Understanding clients to help them navigate tough times

COVID-19 has presented companies with a myriad of unprecedented challenges—and now they also face a hard market. Against a backdrop of rapid change, including intense consolidation between brokers, AXA XL is intent on getting to know its clients, and brokers, better than ever, explains Bob Peretti, the chief distribution officer at AXA XL Americas.

While COVID-19 and the subsequent restrictions on society have meant unprecedented challenges for companies of all sizes and types in the US, for many there are only more hurdles ahead. The biggest economic downturn in a generation will mean more pain for many—and on top of that, insurance rates are soaring, adding insult in injury.

Such circumstances make for a complex landscape for insurers too. The needs of their clients have changed—but so has their own cost of capital. The need for insurance remains, and is greater than ever in some lines, but the risk has changed. And all this in the context of a market that has been reshaped by consolidation and fundamentally restructured by technology.

Against this backdrop, Bob Peretti, the chief distribution officer at AXA XL for the Americas, believes he, and his business, can make a difference. He took on the role only in July this year as part of a leadership reshuffle at the business. Prior to joining what was then XL Catlin in 2015, he spent the majority of his career with Marsh, with stints at Zurich and AXIS. Since then, he has led AXA XL’s North America client and distribution management team.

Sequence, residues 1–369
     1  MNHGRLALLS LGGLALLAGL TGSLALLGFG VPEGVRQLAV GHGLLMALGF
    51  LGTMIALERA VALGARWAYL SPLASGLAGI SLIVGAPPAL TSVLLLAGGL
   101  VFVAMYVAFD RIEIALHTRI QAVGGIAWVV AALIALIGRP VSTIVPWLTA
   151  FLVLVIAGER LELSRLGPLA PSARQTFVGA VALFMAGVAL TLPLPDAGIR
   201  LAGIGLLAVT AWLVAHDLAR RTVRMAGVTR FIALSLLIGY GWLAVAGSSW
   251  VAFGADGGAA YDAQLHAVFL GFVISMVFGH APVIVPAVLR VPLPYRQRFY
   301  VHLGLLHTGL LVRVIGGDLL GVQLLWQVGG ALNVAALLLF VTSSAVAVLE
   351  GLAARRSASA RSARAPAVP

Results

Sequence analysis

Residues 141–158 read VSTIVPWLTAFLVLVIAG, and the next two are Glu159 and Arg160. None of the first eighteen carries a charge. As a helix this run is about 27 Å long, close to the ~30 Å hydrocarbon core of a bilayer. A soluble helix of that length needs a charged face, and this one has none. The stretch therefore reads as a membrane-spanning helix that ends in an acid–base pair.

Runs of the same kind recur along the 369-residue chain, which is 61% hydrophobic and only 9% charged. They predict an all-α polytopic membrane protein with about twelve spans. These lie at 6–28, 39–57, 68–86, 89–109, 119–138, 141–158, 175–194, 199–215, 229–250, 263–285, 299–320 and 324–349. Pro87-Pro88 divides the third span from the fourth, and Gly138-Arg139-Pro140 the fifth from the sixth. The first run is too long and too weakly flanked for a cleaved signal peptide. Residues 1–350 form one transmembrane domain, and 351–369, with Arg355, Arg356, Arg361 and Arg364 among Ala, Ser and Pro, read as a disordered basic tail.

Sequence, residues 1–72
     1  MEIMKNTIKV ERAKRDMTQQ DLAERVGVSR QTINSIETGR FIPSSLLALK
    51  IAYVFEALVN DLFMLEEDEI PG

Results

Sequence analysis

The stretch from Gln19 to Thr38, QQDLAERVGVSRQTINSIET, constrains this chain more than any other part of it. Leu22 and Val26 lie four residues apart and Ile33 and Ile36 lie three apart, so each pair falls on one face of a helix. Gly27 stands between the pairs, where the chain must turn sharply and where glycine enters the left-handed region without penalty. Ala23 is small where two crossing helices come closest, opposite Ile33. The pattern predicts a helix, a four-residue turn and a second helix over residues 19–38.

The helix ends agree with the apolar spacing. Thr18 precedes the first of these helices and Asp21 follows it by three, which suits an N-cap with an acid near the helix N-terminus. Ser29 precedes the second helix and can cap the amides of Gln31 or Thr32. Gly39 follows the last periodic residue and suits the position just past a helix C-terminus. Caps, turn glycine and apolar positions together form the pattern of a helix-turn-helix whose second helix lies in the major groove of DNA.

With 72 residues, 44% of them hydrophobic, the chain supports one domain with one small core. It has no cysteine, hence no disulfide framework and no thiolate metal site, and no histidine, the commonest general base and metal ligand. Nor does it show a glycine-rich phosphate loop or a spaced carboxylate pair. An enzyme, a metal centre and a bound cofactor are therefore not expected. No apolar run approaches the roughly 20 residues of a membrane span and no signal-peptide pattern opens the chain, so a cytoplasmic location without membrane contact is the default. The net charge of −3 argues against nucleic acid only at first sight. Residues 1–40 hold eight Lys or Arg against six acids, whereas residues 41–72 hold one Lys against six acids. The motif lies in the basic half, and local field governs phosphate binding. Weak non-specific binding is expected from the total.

In his new role, Peretti still leads the client and broker distribution function but expands his responsibilities to include the global management of key broker relationships. He also assumes the management of the Americas marketing function in collaboration with the global marketing function.

He accepts these are challenging times for clients. Most have endured some tough times through the COVID-19 pandemic; many have been forced to repurpose or restructure their businesses in response. For some this will be a long-term positive; for others it was a short-term necessity. Whatever the reason, Peretti believes, it should be the role of an insurer to support them at this time.

“Many lines of business needed a correction, to restore the financial health of insurers on certain lines.” Bob Peretti, AXA XL Americas

Changing risk profile